Proc. Computational Modelling of Concrete Structures (EURO-C),
Badgastein, Austria, March 31 - April 3, 1998,
ed. R. de Borst, N. Bicanic, H. Mang, and G. Meschke, Balkema, Rotterdam, 291-300


Milan Jirásek
Swiss Federal Institute of Technology
LSC -DGC, EPFL, 1015 Lausanne, Switzerland


The first part of this paper suggests a systematic approach to the classification of various computational techniques based on the incorporation of a displacement or strain discontinuity into a finite element, with special attention to the type of kinematic enhancement and of the stress continuity condition. Advantages and drawbacks of three principal classes of such techniques are analyzed and discussed. The second part outlines two possible improvements of the standard approach: combination of the smeared and embedded crack approaches, and incorporation of the embedded discontinuities into a nonlocal model.

Concluding Remarks

A number of techniques enriching the standard finite element interpolation by additional terms corresponding to a displacement or strain discontinuity have been presented within a unified framework and critically evaluated. It has been shown that there exist three major classes of these models, called here statically optimal symmetric (SOS), kinematically optimal symmetric (KOS), and statically and kinematically optimal nonsymmetric (SKON). The SOS formulation cannot properly reflect the kinematics of a completely open crack but it gives a natural stress continuity condition, while the KOS formulation describes the kinematic aspects satisfactorily but leads to an awkward relationship between the stress in the continuous part of the element and the tractions across the discontinuity line. These findings motivate the development of the nonsymmetric SKON formulation, which combines the strong points of each of the symmetric formulations. It is not variationally consistent but leads to an improved numerical performance.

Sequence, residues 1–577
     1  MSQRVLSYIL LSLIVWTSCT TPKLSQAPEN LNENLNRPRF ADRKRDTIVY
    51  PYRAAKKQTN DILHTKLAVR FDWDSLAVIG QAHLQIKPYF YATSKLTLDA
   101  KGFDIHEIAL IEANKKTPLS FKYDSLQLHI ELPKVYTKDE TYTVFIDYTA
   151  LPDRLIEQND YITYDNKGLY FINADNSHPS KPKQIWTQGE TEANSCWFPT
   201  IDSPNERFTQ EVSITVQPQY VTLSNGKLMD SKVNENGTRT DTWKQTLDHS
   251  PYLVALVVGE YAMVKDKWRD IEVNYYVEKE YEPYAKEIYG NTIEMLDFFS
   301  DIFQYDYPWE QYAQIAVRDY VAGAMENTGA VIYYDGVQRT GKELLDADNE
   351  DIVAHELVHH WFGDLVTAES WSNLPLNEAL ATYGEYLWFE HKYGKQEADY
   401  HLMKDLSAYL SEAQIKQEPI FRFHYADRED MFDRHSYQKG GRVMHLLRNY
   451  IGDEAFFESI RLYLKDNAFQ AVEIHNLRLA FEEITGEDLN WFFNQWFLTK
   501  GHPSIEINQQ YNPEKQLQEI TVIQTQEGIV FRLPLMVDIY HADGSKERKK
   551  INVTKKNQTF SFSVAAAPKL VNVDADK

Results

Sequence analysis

The second part of the paper has proposed some improvements of the standard embedded crack technique. It has been shown that a model introducing the discontinuity right at the onset of cracking often leads to a misprediction of the discontinuity direction. As this direction has to remain fixed, there is no chance for its adjustment. Incorrect separation results into stress locking, which must be relaxed by a secondary crack in the same element. This complicates the numerical algorithm and can lead to convergence problems. It has therefore been proposed to use a combined model that represents the early stage of cracking in a smeared manner and introduces a discontinuity only when the crack opens sufficiently wide. If the smeared part is modeled by the rotating crack approach, the crack has a chance to readjust its direction, and there is no need for secondary cracking. Furthermore, the smeared part of the combined model has been reformulated as nonlocal. It has been demonstrated that, in order to avoid locking, it is essential to enforce continuity of the embedded crack trajectory. Optimal performance in terms of insensitivity to mesh-induced directional bias is obtained if the orientation of each embedded crack is determined from the principal directions of nonlocal (rather than local) strain.

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EPFL / 13 January 1998 /